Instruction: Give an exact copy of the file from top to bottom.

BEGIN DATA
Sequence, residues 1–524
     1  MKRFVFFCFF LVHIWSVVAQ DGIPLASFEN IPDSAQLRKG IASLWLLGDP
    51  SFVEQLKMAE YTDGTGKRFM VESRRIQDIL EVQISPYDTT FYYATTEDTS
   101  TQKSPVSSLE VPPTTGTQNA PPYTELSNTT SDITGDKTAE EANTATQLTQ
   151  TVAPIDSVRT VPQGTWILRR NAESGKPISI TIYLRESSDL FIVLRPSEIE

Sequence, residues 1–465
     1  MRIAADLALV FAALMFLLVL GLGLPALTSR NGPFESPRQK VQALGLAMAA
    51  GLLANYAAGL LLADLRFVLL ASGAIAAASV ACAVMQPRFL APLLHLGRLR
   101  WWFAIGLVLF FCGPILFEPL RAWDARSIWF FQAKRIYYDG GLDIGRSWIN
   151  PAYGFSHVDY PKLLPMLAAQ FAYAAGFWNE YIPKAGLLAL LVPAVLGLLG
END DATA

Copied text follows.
Sequence, residues 1–524
     1  MKRFVFFCFF LVHIWSVVAQ DGIPLASFEN IPDSAQLRKG IASLWLLGDP
    51  SFVEQLKMAE YTDGTGKRFM VESRRIQDIL EVQISPYDTT FYYATTEDTS
   101  TQKSPVSSLE VPPTTGTQNA PPYTELSNTT SDITGDKTAE EANTATQLTQ
   151  TVAPIDSVRT VPQGTWILRR NAESGKPISI TIYLRESSDL FIVLRPSEIE

Sequence, residues 1–465
     1  MRIAADLALV FAALMFLLVL GLGLPALTSR NGPFESPRQK VQALGLAMAA
    51  GLLANYAAGL LLADLRFVLL ASGAIAAASV ACAVMQPRFL APLLHLGRLR
   101  WWFAIGLVLF FCGPILFEPL RAWDARSIWF FQAKRIYYDG GLDIGRSWIN
   151  PAYGFSHVDY PKLLPMLAAQ FAYAAGFWNE YIPKAGLLAL LVPAVLGLLG